Health Law Project Changes in Birth to 3 EI

LARGE TEXT BOX Tool to enlarge text.


Select a button to change the background color on this page.



Harrisburg Office: 20 N. Market Square, 3rd floor, Harrisburg, PA 17101

Phone: (717) 236-6310 Fax: (717) 236-6311


DPW proposes to eliminate MA funding for direct therapies

& services in settings with more than 10% children with disabilities

What is this "MA waiver"?

The State Agency that administers the Early Intervention program for children birth to three, the Department of Public Welfare, Office of Mental Retardation ("DPW/OMR") is proposing to make significant changes in the kind of Early Intervention ("EI") services that can be paid for with Medical Assistance ("MA") funds. Because roughly half of the MA funds used for EI services come from the federal government, DPW/OMR has to get permission to make these changes from the federal agency that administers MA. This request for permission is called a "Medicaid [or "MA"] waiver request".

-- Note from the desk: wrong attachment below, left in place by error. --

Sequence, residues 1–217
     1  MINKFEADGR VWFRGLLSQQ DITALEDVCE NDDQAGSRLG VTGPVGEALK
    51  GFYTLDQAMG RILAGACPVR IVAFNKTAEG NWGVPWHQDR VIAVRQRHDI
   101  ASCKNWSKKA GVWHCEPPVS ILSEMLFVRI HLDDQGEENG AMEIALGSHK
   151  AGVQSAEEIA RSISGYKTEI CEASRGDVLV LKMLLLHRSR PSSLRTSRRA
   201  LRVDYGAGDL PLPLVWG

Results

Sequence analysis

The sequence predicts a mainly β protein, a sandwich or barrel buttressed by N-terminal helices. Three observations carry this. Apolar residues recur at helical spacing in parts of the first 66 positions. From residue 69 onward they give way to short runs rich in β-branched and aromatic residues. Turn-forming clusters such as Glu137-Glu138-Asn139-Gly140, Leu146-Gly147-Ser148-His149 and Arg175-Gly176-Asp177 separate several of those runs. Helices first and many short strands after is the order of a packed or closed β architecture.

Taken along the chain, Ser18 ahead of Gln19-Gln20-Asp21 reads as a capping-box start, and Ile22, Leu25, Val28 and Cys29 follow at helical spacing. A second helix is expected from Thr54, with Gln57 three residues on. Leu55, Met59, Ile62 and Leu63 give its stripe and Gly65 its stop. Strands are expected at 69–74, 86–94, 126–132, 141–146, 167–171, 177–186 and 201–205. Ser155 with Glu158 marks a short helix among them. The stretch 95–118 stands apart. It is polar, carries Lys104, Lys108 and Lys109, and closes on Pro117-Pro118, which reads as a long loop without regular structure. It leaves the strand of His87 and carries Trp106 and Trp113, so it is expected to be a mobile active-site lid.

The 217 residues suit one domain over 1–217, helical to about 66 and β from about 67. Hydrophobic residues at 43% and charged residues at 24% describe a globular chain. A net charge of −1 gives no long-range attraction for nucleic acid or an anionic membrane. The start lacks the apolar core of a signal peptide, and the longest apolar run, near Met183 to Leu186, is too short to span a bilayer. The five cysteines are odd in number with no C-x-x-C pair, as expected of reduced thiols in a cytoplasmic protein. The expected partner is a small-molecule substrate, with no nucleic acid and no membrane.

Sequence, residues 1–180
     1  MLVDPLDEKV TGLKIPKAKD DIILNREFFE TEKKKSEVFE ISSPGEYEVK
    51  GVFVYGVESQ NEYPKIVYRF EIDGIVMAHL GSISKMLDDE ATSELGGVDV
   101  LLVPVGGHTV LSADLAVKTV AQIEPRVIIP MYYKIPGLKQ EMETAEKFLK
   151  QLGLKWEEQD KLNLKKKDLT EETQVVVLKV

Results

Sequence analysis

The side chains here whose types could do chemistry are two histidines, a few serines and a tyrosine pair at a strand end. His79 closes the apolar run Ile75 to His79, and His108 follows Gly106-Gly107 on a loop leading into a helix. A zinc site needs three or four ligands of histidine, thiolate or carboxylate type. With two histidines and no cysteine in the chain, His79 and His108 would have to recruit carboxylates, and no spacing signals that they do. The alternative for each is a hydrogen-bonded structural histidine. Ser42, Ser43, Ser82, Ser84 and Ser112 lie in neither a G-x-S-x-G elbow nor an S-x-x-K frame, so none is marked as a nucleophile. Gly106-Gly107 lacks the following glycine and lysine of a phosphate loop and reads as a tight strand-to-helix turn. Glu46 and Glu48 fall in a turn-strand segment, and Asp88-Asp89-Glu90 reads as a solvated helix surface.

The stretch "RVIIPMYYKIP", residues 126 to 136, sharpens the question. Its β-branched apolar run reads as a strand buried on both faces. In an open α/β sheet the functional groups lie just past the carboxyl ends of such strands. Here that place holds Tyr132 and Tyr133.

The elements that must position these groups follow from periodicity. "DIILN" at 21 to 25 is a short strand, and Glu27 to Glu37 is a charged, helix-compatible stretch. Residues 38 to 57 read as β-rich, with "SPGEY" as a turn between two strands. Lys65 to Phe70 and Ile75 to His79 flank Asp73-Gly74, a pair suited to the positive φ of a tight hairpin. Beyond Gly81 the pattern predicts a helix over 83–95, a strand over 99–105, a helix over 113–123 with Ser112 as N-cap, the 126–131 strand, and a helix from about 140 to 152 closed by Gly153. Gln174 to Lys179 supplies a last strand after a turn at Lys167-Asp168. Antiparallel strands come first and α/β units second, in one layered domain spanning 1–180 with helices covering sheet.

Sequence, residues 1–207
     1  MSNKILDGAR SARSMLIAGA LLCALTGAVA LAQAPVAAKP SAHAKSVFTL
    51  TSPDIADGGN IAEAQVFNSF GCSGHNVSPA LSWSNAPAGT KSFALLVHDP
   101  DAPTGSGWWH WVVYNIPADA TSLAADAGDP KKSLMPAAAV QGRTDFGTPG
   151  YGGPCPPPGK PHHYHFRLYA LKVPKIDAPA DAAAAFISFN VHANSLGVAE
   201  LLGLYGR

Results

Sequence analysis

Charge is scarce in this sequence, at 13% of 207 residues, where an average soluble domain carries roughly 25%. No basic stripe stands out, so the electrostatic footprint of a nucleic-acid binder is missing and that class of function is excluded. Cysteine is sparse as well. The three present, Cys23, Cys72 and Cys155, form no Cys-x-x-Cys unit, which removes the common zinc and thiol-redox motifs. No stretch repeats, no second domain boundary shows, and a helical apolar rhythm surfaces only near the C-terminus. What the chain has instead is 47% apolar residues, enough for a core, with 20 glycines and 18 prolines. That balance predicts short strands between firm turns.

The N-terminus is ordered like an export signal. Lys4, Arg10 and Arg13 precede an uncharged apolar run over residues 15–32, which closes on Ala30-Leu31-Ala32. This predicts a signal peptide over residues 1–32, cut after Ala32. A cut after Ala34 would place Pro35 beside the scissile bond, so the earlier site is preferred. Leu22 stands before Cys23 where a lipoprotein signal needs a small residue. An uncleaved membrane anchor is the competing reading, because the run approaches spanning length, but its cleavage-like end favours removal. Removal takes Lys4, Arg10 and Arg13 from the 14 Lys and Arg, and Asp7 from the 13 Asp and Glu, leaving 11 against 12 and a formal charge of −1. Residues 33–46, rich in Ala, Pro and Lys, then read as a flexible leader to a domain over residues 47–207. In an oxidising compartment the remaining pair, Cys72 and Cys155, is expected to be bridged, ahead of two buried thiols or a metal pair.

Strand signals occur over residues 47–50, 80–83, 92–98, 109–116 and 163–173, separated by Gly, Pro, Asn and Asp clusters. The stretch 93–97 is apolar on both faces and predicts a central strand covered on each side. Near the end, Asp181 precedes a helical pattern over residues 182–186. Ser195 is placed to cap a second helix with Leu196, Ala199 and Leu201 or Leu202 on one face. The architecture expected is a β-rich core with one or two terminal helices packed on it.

Why should I care about what services are funded by MA?

It is true that these proposed changes do not change the fundamental legal requirements for EI (found in State Act 212 and in the federal Part H of IDEA). If a service that was on a child's Individualized Family Service Plan ("IFSP") could not be funded by MA, there would still be a legal requirement to fund it (out of the money provided by the State to the county MH/MRs for EI called "county allocations"). However, funding is often a consideration in determining what services will be made a part of a child's IFSP. Therefore, major changes in funding are likely to produce major changes in service. In fact, it is DPW/OMR's intent that these proposed changes in funding create changes in service.

What kind of services would no longer be funded by MA?

Note that many of these services and therapies that are proposed to be excluded from MA funding are currently funded by MA. Therefore, to the extent that these services and therapies are still included in the IFSPs of children on MA, there would be a loss of federal funds. It is this potential loss of federal funds that results in the financial incentive not to include on IFSPs direct therapies and other services excluded under the proposed MA waiver. If the service or therapy is not included on the IFSP, the child has no legal right to receive that service through EI, even if, theoretically, there is another source of funding for it.